Just wandered tonight along to Demos for the launch of their “People make places” report. A skim on the bus home made it seem the sort of thing I would like the Dan Hills and Anne Galloways of the world to have a look at…:
“The rise of privately owned corporate malls, out-of-town shopping centres and the virtual landscapes of the internet have cast doubt on the publicness of our towns and cities. Privatised space is seen to be in the ascendancy and, it is argued, this is squeezing out the possibility of shared social spaces in our cities, replacing them with a âshopping mall cultureâ of sanitised, frictionless consumer environments where architecture and technology are used to filter out undesirable people and groups. So far it is unclear whether the new set of public spaces created through the urban renaissance are countering this trend and proving effective hosts for shared public life and exchange between people, or whether they are adding to the loss of publicness by imitating the character of private space. Many of the shiny new quaysides and squares seem either curiously empty of people or curiously monocultural in the type of people they attract.
The mission of Demos over the past 12 months has been to take on this uncertainty and track down the public life of cities â to identify the shared spaces of interaction and exchange, the value that such spaces generate and how that value is created. We explored in depth three cities in the UK â Cardiff, Preston and Swindon â to discover and illuminate the processes by which the public life of cities more widely might be reinvigorated.”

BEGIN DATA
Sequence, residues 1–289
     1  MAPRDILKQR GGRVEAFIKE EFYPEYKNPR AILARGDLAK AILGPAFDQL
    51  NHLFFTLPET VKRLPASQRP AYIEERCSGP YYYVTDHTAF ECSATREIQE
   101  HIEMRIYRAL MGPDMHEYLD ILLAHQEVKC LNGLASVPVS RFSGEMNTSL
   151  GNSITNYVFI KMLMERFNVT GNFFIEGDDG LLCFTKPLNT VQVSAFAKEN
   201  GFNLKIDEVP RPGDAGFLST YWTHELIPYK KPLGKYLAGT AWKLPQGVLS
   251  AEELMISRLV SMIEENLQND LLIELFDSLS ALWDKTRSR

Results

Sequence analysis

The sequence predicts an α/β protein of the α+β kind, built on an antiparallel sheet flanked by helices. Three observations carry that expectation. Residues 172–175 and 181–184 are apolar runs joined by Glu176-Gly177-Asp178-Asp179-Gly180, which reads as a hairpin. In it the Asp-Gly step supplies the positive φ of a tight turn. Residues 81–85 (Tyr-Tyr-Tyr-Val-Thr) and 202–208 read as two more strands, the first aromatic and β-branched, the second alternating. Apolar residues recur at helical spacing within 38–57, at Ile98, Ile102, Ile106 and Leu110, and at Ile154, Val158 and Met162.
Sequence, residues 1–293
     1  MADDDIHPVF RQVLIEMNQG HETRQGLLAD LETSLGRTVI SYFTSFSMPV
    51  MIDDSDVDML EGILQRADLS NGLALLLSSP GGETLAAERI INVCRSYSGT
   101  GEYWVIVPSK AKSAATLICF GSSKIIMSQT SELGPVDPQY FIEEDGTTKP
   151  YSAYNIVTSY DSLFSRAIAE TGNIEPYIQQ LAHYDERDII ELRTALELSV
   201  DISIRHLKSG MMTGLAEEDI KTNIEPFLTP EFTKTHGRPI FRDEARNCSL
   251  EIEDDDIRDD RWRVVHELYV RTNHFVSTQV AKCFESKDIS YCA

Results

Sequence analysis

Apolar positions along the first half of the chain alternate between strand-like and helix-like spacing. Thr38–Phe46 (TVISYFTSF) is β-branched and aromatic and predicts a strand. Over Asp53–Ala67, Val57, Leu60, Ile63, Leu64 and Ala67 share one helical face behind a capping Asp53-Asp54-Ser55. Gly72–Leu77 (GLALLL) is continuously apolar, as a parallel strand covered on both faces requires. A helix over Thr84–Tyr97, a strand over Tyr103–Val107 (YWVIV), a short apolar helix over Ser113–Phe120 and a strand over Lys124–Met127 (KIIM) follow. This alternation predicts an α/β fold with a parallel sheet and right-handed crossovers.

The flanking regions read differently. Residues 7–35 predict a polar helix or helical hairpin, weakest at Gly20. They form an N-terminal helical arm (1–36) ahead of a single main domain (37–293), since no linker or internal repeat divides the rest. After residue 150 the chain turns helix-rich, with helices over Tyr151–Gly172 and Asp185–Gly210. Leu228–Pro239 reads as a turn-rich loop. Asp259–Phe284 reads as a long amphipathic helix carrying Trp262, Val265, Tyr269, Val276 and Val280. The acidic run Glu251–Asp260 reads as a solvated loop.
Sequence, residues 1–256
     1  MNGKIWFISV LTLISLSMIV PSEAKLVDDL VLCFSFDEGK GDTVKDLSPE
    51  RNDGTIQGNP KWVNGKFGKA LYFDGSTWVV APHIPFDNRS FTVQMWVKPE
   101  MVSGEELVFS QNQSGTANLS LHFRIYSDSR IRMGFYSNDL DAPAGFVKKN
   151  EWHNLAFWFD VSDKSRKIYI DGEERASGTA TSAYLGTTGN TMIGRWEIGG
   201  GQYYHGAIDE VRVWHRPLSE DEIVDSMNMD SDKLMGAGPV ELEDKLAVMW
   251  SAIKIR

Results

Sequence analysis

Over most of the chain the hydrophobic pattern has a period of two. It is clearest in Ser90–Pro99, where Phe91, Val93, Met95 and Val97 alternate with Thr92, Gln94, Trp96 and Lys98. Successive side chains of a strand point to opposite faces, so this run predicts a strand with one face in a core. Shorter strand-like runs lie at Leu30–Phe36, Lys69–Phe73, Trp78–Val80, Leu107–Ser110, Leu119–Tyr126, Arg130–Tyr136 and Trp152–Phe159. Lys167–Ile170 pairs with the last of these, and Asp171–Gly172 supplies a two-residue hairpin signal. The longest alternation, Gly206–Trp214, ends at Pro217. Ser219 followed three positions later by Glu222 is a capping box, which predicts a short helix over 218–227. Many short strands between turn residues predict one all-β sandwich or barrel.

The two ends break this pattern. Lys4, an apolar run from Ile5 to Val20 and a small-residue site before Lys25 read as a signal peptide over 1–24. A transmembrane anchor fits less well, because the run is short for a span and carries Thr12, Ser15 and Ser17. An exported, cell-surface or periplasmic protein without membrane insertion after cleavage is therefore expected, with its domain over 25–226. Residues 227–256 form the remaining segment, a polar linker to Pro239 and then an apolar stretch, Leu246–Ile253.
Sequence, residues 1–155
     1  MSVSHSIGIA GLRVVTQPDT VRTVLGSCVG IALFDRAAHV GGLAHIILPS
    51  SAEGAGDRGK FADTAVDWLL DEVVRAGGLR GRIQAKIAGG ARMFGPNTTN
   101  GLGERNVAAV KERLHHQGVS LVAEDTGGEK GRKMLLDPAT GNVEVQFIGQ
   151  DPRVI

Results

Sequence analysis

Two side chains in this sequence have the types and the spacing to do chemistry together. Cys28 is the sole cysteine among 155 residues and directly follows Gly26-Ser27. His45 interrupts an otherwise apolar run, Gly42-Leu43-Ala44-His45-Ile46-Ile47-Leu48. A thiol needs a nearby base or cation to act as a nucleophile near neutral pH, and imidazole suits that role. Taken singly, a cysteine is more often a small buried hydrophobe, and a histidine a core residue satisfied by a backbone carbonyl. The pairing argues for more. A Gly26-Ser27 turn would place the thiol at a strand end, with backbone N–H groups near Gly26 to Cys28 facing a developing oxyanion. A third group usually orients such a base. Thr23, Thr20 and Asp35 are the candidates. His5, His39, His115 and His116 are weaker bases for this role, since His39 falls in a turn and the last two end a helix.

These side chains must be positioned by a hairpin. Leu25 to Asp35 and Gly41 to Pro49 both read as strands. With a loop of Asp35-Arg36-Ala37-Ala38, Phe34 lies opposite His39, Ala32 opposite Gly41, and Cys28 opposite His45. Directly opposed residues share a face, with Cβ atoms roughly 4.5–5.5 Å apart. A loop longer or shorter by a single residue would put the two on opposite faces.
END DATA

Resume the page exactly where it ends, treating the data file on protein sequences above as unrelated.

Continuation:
I arrived a little late as I only read about the event on the train back from Farnborough, so I don’t know whether it was covered before I got there, but there was little on the effects of digital technology, particularly personal, mobile digital technology on the use of public space. The debate wasn’t all that, although Greyworld were exciting – pointing out the role of play and playful technologies in invigorating and maintaining public spaces.
There’s a small mention of the venerable grassroots geoguide Knowhere in the report, but otherwise very little investigation it seems (again, I haven’t read it in great depth yet) of the impacts of digital technology.
There is a tantalising section heading: “Visible and invisible choreography” on page 62 of the report [PDF], with a brief mention of NYC’s “311” phone line as a concrete example – but nothing about pershaps, how space and place can be ‘reprogrammed’ smartmobs-style by mobile technologies, or how invisible infrastructures can change a place, e.g. free wifi in Bryant Park. I’m sure there are better examples, but hopefully you get my drift (derive?)
Worth a read, and as I say, I hope some of the more hardcore cyburbanists I know will offer their 2p…